This government represented, as never before or since, the widest possible Zionist consensus. This can also be attributed to the euphoric mood in the wake of the total devastation of three Arab armies by the IDF and the successful blitzkrieg that ended with the military occupation of vast areas of Arab lands and countries. An almost messianic aura surrounded the decision-makers in those days, encouraging them to take bold decisions of historical consequence that their successors would find hard to refute or change.
Because the decisions taken reflected the consensual Zionist interpretation of the past and present reality of Palestine as an exclusive Jewish State, none of the developments occurring thereafter appeared to undermine their validity for future Israeli policymakers. The only way of challenging the decision taken then was by questioning the very validity of Zionism itself.
Two fundamentals of Zionist ideology were still unfailingly adhered to by the politicians of 1967, just as they had been by their predecessors. The struggle for the survival of the Jewish State depended, on the one hand, on its ability to control most of historical Palestine, and, on the other, on its capacity to reduce considerably the number of Palestinians living in it.
The historical consensus dictated a wish for a purely ethnic Jewish State. There were sometimes attempts to ascertain what would constitute a tolerable non-Jewish minority within a Jewish State, but the unspoken (and at times spoken) desire was to have only Jews in what was considered to be the ancient Land of Israel.
1948 provided the historical opportunity to realize both goals: taking over much of the land and getting rid of most of the local population.
Several discrete processes came together to allow the Zionist movement to ethnically cleanse Palestine that year: the British decision to withdraw from Palestine after thirty years of rule; the impact of the Holocaust on Western public opinion; the disarray in the Arab and Palestinian worlds; and, finally, the crystallization of a particularly determined Zionist leadership.
As a result, half of the country’s native population was expelled, half of its villages and towns destroyed and 80 per cent of Mandatory Palestine became the Jewish State of Israel.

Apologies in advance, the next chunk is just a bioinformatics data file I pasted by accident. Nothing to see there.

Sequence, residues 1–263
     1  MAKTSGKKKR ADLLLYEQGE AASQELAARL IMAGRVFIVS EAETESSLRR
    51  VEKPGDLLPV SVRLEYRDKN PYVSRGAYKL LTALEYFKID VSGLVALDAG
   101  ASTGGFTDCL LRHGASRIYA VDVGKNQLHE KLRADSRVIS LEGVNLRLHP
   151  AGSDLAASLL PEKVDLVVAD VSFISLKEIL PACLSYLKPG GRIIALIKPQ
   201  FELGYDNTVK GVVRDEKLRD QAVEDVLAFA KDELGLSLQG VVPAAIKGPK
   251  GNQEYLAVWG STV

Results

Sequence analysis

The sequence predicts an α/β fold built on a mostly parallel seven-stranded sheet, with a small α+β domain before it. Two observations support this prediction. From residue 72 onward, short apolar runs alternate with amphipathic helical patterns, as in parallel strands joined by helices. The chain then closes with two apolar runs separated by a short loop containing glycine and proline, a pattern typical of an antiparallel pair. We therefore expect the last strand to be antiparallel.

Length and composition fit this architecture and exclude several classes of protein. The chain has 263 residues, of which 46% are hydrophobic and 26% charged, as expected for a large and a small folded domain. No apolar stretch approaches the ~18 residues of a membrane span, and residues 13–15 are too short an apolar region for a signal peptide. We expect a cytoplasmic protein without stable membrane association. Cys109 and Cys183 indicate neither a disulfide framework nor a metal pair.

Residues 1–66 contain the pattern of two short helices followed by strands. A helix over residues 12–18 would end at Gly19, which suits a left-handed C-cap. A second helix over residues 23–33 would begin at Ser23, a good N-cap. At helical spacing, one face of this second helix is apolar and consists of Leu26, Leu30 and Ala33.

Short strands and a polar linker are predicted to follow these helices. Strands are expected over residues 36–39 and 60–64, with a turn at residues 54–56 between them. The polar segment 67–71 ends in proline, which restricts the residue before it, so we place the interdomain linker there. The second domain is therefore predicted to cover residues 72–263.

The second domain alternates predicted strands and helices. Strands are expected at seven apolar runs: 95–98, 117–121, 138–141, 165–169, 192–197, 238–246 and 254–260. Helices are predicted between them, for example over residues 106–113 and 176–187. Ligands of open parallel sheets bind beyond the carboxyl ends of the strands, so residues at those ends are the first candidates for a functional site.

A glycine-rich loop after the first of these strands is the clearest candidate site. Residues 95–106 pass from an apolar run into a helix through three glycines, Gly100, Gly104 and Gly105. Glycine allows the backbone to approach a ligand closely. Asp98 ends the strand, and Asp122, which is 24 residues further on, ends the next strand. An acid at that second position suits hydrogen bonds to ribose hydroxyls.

The dispossession was witnessed at close hand by representatives of the international community: delegates of the International Red Cross, correspondents of the Western press and UN personnel.
The Western world, however, was not interested in listening to their incriminating reports; the political elites chose to ignore them.
The message from Europe and the US was clear: whatever happens in Palestine is the inevitable final act of the Second World War. Something had to be done so that Europe could atone for the crimes committed on its soil against the Jewish people – and therefore a last, massive dispossession of Palestinians was needed so that the West could move on to post-war peace and reconciliation.
The situation in Palestine, of course, had nothing to do with the movement of populations in Europe in the wake of the Second World War or with the genocide of Europe’s Jews; it was the culmination not of the war in Europe but of Zionist colonization of the land that had begun at the end of the nineteenth century. It was the final act in the making of a modern-day settler Jewish State at a time when the international community seemed to view colonization as unacceptable and an example of the deplorable ideology of the past.
But not in the case of Palestine. The message from the enlightened world was unambiguous: the Israeli dispossession of the Palestinians as well as the takeover of most of Palestine were both legitimate and acceptable. Almost half of the ministers attending the 1967 meetings were themselves veterans of the 1948 ethnic cleansing of Palestine. Some were members of the small cabal that took the decision to expel almost a million Palestinians, destroy their villages and towns and prevent them from ever returning to their homeland. Others were generals or officers in the machinery that perpetrated the crime. All of them were fully aware of the international indifference in 1948 when the Zionist movement took over 78 per cent of Palestine. And this is why they, and their colleagues, were convinced that the international community would allow them once more to act unilaterally now that the Israeli army occupied the remaining 22 per cent of the land. Having acted with impunity in 1948, there was no reason to expect any serious rebuke for, or obstacles to, a similar policy of ethnic cleansing in June 1967.